September 9th, 2011

Sartorius GD503 Analytical Scale Offers Amazing Precision

Sartorius GD503 force restoration magnetic scaleSuccessful long-range shooting demands very uniform ammo. Weighing charges carefully can make shot velocities more uniform within a shot string. Uniformity of velocities is good, because lower ES translates to less vertical dispersion of the shots at long range. Many competitive shooters today try to load charges that are consistent within one-tenth of a grain. Some exacting reloaders, in the relentless pursuit of perfection, go even further — they try to maintain charge weight uniformity down to the equivalent of just one or two kernels of powder.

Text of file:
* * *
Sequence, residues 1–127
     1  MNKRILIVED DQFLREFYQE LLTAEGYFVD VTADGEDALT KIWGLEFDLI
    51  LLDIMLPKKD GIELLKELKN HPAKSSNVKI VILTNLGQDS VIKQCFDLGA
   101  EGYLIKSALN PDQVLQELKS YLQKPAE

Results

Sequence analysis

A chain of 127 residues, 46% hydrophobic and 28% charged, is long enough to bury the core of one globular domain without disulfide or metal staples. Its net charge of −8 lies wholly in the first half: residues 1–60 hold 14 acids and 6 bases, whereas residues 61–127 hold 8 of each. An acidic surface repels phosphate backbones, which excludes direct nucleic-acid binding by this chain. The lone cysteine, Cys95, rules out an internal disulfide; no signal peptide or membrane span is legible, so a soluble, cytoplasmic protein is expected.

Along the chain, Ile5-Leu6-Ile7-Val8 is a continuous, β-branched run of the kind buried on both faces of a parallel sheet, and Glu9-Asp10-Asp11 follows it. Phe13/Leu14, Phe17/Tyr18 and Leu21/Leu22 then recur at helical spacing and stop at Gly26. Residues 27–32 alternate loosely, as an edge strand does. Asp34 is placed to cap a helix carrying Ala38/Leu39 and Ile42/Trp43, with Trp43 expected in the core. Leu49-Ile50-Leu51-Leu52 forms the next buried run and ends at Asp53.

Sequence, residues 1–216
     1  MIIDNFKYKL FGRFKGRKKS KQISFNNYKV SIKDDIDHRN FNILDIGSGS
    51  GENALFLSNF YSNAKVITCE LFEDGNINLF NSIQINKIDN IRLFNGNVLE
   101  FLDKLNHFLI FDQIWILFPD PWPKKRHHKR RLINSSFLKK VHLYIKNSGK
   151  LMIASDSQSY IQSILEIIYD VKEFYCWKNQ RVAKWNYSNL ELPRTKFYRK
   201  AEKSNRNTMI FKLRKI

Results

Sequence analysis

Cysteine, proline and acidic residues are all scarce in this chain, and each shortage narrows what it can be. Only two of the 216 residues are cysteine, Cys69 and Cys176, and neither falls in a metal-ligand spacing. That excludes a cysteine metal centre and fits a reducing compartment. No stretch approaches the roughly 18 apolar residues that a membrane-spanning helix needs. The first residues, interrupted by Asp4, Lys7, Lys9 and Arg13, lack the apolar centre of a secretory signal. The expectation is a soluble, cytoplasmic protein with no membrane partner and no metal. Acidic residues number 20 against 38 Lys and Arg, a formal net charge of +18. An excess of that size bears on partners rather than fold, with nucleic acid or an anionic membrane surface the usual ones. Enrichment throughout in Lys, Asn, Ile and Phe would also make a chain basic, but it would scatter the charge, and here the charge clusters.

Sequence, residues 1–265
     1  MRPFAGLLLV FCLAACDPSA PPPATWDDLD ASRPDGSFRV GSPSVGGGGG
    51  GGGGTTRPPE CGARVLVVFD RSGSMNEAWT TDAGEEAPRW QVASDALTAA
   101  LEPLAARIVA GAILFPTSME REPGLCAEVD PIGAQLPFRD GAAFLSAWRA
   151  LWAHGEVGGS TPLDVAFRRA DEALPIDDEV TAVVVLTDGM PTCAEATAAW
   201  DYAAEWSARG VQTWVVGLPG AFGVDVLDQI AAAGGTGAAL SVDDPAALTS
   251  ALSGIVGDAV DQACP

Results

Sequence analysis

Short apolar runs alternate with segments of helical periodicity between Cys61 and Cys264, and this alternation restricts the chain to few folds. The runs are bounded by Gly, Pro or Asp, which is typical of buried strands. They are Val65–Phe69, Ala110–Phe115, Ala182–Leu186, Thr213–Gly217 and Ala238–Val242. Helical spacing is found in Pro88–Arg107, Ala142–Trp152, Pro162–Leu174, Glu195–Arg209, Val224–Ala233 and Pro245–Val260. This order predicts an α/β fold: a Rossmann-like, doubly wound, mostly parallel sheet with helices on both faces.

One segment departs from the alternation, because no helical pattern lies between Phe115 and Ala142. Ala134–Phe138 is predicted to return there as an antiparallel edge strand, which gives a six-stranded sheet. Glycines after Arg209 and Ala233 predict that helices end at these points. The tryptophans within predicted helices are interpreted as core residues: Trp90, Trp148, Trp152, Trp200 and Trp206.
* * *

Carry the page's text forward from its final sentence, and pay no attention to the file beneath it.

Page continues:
To weigh charges with this kind of precision, you need a very high-quality scale. Even the $400.00-grade balances (such as the Acculab VIC-123), struggle to maintain single-kernel precision with their conventional strain-gauge load cell technology. But there is a new class of electronic lab scales which employ magnetic force restoration technology. These force restoration balances can reliably (and repeatably) weigh a single grain of powder. In normal use, lab-grade force restoration scales also deliver a stable reading more quickly than strain-gauge type scales. This is a boon for reloaders who like to trickle the final few kernels of a load. But the enhanced speed and precision of force restoration (magnetic) scales come with a stiff price — these technological marvels cost $900.00 and up. That could buy a custom action, or three new barrels.